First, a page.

If you’ve seen my website, you know that I have a chest tattoo. It is also my business logo.

Up until a few years ago the idea of doing something so permanent, much less painful to my body, was anathema. (Incidentally, I think of myself as having a very low pain threshold).

Things change.

As doors open, they close, and vise versa. Once I prevailed over the trials of menopause: when the hormone tsunamis finally subsided, the fibroid had shrunk, and the menstruation finally stopped, I felt intuitively that I needed to mark this transition.

Being on the other side of menopause was only part of the catalyst for this choice of action.

Magician David Blaine has a tattoo that resonates with the meaning of mine. It’s Primo Levi’s holocaust number. I have not read Levi’s book Survival in Auschwitz’, which Blaine was reading when he was moved to make his gesture, but David’s tattoo resonates with familiarity to me.  You see, some survivors covered their numbers. Others wore them like badges of honor.

If you’re reading this, chances are you, like me, were not the victim of world events the way Levi was. But life has broken your heart nonetheless. It takes constant vigilance to shift that heartbreak into something beautiful and productive. I will not lie to you; the temptation is always there to feel like a victim and succumb to despair. I am reminded of the biopic A Beautiful Mind, about Nobel Laureate John Nash. He battled schizophrenia all of his life. By the end of the film he still saw imaginary people, but they walked alongside him at a distance. He no longer engaged with them, believed in them, or gave them the power to undermine his life.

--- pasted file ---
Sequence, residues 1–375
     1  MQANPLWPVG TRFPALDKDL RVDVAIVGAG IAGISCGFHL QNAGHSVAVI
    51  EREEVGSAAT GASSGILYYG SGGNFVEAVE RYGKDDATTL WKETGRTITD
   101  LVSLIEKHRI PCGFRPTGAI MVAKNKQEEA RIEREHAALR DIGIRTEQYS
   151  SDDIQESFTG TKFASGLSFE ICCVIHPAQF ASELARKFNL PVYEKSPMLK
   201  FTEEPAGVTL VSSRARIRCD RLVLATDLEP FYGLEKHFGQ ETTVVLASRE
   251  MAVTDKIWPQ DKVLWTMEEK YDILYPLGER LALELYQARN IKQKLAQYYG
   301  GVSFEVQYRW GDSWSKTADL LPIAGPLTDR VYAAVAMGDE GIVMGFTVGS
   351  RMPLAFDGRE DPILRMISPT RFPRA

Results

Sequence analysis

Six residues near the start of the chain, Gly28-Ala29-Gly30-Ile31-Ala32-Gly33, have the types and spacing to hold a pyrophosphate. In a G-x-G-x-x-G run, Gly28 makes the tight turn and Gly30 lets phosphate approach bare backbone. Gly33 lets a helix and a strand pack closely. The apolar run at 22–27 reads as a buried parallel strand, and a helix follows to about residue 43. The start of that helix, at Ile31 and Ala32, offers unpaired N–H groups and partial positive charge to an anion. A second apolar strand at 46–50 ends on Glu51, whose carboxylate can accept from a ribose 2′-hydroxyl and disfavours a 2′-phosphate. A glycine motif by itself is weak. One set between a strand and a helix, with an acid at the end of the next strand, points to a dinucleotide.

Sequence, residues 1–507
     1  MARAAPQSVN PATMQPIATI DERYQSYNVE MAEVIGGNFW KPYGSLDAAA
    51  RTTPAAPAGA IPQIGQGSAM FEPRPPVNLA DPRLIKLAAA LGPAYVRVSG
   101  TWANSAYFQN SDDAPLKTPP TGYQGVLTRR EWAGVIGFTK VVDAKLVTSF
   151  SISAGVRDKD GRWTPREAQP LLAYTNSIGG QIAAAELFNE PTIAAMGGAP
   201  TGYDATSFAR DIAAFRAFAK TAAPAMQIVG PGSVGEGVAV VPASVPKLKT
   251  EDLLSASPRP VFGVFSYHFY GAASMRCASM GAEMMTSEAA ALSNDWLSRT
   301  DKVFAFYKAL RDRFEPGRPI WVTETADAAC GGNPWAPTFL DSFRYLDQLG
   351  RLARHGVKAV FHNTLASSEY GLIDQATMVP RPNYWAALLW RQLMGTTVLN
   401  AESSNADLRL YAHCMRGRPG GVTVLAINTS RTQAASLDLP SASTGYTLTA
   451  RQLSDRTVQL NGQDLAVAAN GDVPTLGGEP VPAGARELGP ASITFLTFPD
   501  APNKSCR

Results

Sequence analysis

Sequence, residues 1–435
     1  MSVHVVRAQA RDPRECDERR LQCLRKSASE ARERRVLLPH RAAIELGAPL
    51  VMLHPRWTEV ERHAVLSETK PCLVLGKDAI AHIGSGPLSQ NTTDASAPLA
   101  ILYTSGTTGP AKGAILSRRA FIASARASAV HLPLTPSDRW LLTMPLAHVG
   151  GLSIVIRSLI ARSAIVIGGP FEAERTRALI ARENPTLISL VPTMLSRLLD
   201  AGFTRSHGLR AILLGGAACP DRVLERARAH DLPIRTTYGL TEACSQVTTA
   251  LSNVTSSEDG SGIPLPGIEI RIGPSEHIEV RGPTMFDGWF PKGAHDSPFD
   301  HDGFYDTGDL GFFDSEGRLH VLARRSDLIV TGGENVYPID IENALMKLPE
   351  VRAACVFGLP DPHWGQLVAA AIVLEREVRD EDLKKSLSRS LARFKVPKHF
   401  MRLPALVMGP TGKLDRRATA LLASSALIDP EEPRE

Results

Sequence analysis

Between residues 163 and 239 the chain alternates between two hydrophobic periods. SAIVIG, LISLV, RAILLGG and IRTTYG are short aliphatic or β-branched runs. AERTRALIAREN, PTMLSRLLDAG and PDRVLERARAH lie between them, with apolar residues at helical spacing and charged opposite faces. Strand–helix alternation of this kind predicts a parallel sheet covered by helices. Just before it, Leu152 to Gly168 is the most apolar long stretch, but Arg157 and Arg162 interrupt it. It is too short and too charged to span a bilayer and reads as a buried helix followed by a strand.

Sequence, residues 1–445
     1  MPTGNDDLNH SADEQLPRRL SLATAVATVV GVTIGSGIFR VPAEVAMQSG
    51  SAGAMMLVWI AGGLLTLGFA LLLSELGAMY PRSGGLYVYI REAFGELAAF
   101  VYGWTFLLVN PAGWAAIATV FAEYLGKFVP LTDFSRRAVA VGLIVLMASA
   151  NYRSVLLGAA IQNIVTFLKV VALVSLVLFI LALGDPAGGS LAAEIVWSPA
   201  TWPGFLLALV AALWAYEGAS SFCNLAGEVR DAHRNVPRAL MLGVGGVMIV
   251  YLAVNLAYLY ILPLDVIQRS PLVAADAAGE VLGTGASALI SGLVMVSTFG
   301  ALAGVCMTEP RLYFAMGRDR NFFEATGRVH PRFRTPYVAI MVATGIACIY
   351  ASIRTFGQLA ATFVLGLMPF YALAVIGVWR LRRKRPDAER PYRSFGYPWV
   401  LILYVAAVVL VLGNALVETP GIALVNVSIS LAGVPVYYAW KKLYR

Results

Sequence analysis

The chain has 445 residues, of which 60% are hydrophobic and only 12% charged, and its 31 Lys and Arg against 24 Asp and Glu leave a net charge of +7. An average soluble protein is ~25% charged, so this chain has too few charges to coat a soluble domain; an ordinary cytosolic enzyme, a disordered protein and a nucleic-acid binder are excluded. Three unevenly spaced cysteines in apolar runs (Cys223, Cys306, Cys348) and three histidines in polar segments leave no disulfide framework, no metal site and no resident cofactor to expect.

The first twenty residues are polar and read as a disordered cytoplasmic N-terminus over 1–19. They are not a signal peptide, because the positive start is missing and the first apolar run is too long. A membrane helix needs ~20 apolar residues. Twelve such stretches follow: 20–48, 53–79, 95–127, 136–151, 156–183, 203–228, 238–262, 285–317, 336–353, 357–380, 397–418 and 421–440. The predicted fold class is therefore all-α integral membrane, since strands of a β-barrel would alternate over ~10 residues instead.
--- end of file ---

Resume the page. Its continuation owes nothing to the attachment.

If you have ever followed your dreams, I venture there were paths taken that would have been better avoided….and those upon which you think you should have embarked. Joseph Campbell characterizes a life well-lived as a series of hero’s journeys. When we are called to take action, make a change, pursue something, move outside our comfort zone, the question that always arises is, “‘Do I dare?” Once we dare, we have embarked on the hero’s journey, and we may experience fulfillment or fiasco. Fiasco is always a possibility. But there’s also the possibility of bliss.

I’ve had my share of fiascos. I’ve also tasted bliss. I am irrevocably changed by life, and my tattoo is a visible change to my body symbolic of how far I’ve come. It is my badge of honor, and each day I see it, I am reminded to live up to the courage it represents and embark once again on the journey of becoming all that I can in service not just to myself, which ultimately is not sufficiently motivating, but to everyone I encounter.

I invite you to join me in daring. Every day. Please send me your comments, and let me know what you think.